Germans started adjusting to a new world on Thursday, brushing off any notion that a shock humiliation in the soccer World Cup, which coincides with a rare moment of political instability, was symptomatic of national decline.
German newspapers fused the fates of German team coach Joachim Loew and Chancellor Angela Merkel who, after 12-and-a-half years looking unassailable, is fighting for her political survival due to a row over migration with her Bavarian allies.
On top of Wednesday's defeat to South Korea which sent them out of the tournament in the opening round for the first time in 80 years, Germans are also aghast at turmoil in their proud auto industry over an emissions cheating scandal. That culminated earlier this month in the arrest of Audi boss Rupert Stadler.
Top-selling Bild highlighted the mounting problems last week after an ominous soccer loss to Mexico, with the headline: "The three pillars of Germany are cars, football, stability. Summer of 2018 will be remembered as a summer of shaky pillars."
Despite a media assault on the German team and headlines on Thursday such as "Summer depression" and "Make or break days for Merkel and Loew", Germans on the street took events on the chin.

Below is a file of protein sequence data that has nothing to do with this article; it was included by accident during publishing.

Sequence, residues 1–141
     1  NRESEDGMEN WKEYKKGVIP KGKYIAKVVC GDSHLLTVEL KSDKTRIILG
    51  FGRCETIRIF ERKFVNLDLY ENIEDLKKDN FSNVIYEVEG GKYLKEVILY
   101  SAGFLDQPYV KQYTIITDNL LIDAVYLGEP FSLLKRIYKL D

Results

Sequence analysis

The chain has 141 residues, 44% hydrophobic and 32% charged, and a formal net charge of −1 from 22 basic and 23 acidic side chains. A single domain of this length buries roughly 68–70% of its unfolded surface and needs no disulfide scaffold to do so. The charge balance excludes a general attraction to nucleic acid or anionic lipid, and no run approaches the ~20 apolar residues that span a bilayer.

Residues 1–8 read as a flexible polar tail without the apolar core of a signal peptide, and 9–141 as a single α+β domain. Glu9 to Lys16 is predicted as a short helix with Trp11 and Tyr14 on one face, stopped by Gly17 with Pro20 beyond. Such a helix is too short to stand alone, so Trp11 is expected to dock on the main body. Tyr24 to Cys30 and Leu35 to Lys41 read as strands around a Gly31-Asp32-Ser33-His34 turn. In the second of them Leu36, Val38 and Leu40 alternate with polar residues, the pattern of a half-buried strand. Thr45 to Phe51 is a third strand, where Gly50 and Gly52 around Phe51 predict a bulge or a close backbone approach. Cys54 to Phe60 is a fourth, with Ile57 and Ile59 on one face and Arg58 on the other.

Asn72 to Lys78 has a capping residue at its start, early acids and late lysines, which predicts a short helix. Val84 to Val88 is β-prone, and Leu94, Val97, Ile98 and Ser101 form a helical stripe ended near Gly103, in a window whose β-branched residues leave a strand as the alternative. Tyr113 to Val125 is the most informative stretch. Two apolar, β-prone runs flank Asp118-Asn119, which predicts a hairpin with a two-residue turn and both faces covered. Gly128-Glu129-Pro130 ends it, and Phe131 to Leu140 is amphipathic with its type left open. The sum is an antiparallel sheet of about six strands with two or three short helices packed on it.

"I didn't expect it, it was not foreseen at all that they would lose to South Korea. Germany will go on. I am optimistic," said truckdriver Michael Annamann, 44, from Magdeburg, adding at least there were plenty of jobs.
Girt Kirchner, 51, from Leipzig, said she was confident Germany would "find itself again" and it was important to look ahead confidently. "I hope that [Germans] will reflect on this and become aware that they live an absolute luxury."
Even if fears of a trade war with the US are clouding the outlook for Europe's biggest economy, ordinary Germans are still enjoying a long growth spell and record low unemployment. Economists see little chance of a World Cup hit.
"Unfortunately - or maybe fortunately - we have no experience of such an early exit from the World Cup," said Rolf Buerkl, an expert at the GfK market research group. "But I do not expect a long term impact on consumer confidence," he said.
Germans' resilient attitude to some extent reflects the spirit of the players, who picked themselves up and shouldered the blame.
"We are sorry we didn't play like world champions. That is why we are deservedly out ... Defeat belongs to sport, as does recognising when others are better," wrote the team in an apology.
Still, German media could not resist speculating about the decline and fall of Merkel and Loew. Focus online wrote that Loew had much in common with Merkel, who has often had herself photographed with a successful German team, including when they won the World Cup four years ago.
“They've been in office for almost the same length of time, like eating Cordon bleu together. Now the chancellor and trainer are experiencing how fast things can go wrong."